Principal Researcher and Manager of the Computer Graphics Group, Microsoft Research
Title:Automating image and video morphing
Abstract: Creating transitions between images of different objects is a classical problem in computer graphics. The main challenge is to establish a map that aligns corresponding image elements. In this talk I’ll present techniques to help automate this often tedious task. The main idea is to optimize the alignment of structurally compatible image neighborhoods. We formulate this optimization over a halfway parametric domain so that regions can either grow or shrink without introducing mapping discontinuities. The halfway domain also enables direct evaluation of the morph in a pixel shader without mesh rasterization. The algorithm is parallelized on a GPU to achieve a responsive interface. Finally, I’ll show several extensions of the method, including the creation of morphs between videos -- all with little user effort.
Bio: Hugues Hoppe is a principal researcher and manager of the Computer Graphics Group at Microsoft Research. His main interests lie in the multiresolution representation, parameterization, and synthesis of geometry, images, and video. He received the 2004 ACM SIGGRAPH Computer Graphics Achievement Award for pioneering work on surface reconstruction, progressive meshes, geometry texturing, and geometry images. He has published many papers at ACM SIGGRAPH and Transactions on Graphics. Contributions at Microsoft include mesh simplification and optimization in DirectX, texture synthesis technology, motion recognition in Kinect Star Wars, and seamless stitching of the terapixel sky in WorldWide Telescope. He is an ACM Fellow, served as editor-in-chief of ACM TOG, and was papers chair for SIGGRAPH 2011.
Graphics Engineering Architect, Bungie
Title:Applied graphics research for video games: solving real-world problems under real-world constraints (Lessons from Destiny's development)
Abstract: In video games of today, real-time graphics are often a crucial aspect of engaging the player. Detailed and beautifully rendered worlds help create immersive environments for the player to participate in. As the game developers continue to improve the real-time rendering techniques, extracting the most out of the current set of console capabilities, to give the players the best experience possible, video game developers benefit by leaning strongly on applied graphics research to help this process. This talk will cover the practical considerations faced by video game developers, with respect to hardware constraints, production considerations, including budget, resource and time constraints.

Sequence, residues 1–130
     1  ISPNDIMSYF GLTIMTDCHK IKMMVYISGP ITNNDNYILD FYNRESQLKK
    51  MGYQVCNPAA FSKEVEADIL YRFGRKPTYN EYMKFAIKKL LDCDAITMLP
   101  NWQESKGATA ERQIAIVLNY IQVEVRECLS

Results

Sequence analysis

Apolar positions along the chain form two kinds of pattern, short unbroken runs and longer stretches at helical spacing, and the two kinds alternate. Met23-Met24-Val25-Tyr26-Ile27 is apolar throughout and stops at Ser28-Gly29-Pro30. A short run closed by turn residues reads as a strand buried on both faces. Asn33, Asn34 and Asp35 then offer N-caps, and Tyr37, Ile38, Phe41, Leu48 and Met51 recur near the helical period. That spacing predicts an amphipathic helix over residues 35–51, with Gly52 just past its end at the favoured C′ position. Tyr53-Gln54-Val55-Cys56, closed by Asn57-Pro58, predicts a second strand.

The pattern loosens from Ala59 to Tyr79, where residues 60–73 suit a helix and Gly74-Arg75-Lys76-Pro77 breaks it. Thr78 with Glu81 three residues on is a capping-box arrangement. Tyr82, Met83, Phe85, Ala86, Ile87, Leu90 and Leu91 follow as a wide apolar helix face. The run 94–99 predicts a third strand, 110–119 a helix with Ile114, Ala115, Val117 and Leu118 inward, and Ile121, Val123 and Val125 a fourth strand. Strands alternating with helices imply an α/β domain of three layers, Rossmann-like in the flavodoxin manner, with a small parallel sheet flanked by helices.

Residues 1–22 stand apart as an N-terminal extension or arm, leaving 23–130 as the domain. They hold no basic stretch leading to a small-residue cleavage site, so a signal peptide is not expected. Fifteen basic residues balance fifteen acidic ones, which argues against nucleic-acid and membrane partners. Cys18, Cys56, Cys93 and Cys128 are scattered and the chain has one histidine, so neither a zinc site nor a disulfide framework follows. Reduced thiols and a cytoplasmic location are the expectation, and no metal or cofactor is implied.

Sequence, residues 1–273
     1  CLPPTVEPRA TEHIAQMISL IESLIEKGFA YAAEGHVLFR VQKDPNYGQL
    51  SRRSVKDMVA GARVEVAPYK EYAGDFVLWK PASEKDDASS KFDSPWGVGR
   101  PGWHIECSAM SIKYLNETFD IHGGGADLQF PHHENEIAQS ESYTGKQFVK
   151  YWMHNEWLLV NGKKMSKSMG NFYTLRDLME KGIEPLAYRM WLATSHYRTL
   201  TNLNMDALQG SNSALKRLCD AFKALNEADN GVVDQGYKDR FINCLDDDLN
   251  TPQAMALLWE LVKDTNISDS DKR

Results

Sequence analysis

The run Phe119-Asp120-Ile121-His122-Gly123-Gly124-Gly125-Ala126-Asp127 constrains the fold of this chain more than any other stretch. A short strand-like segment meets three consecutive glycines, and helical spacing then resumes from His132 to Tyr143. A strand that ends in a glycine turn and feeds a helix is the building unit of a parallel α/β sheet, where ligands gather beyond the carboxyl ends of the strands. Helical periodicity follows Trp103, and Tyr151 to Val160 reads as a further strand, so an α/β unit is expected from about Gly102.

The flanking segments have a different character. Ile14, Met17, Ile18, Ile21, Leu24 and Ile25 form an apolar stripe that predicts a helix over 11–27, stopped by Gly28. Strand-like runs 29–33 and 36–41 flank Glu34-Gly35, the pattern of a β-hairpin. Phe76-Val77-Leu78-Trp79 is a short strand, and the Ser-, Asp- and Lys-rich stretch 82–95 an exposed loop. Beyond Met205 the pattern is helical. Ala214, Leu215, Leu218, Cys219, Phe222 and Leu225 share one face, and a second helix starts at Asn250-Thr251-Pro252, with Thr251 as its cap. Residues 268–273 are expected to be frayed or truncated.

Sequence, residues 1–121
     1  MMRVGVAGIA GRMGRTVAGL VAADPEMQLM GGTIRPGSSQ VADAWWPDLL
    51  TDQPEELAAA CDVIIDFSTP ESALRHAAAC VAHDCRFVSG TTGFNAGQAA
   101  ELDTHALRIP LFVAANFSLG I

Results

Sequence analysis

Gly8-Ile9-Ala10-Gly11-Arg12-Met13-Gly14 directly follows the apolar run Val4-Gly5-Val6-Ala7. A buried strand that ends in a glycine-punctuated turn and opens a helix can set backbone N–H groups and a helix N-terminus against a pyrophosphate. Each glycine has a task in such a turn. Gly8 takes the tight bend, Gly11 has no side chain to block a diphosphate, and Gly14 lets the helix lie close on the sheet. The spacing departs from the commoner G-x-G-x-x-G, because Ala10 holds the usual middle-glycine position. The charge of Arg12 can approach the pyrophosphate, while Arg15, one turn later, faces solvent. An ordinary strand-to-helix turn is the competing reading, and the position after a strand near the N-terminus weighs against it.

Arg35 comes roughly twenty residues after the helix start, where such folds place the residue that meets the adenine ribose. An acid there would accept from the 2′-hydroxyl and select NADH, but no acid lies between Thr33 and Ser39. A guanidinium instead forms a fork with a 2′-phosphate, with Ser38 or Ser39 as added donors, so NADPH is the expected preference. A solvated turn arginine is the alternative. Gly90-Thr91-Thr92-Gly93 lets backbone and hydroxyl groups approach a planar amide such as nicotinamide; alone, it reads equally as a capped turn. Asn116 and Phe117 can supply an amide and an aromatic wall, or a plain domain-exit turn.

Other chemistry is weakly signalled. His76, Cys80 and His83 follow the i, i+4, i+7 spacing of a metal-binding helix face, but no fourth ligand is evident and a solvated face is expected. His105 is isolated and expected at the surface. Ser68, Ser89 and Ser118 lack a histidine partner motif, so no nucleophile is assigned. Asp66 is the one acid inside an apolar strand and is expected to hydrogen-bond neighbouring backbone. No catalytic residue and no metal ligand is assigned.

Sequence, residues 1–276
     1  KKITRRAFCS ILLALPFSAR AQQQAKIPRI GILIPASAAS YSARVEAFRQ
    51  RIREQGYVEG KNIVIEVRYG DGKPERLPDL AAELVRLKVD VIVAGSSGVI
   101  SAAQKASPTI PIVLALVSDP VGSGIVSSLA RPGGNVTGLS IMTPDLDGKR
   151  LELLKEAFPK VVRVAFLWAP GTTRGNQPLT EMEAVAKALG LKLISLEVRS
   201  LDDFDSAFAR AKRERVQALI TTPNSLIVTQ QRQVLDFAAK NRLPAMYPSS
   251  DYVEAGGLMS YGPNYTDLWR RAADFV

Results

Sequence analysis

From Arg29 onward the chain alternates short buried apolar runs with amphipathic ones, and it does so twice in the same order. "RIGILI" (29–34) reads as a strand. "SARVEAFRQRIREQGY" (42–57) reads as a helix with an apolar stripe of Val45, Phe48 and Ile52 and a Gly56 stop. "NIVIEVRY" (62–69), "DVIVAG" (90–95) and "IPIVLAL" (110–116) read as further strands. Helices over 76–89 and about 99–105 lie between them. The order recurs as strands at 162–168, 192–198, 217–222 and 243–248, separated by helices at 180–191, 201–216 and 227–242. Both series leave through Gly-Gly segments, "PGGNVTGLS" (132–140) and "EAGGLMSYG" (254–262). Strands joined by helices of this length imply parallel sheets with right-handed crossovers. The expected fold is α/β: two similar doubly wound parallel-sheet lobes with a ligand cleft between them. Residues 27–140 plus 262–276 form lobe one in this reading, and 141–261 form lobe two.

In this talk, we will focus on how graphics research can be applied to the real-world constraints of video games, drawing on the lessons of solving real-world problems under real-world constraints and analyzing patterns learned throughout Destiny's development. We will cover several examples of Destiny's applied research and their integration into the shipping games engine. We will discuss examples of techniques that were successfully integrated into the shipping game, as well as analyze additional originally promising methods that ultimately failed to work under the conditions of real hardware constraints or the content creation needs of a shipping title. We will cover in depth what it means to ship a cross-platform, scalable rendering engine with today's rendering expectations, and the corresponding important considerations for applied real-time research. Real-world hardware constraints with respect to graphics techniques will be analyzed. We will discuss the content creation implications that are important for graphics algorithms as well as current trends for game worlds creation. Lastly, we will discuss some of the remaining challenges faced by the game developers going forward in hopes of spurring more applied research for that domain.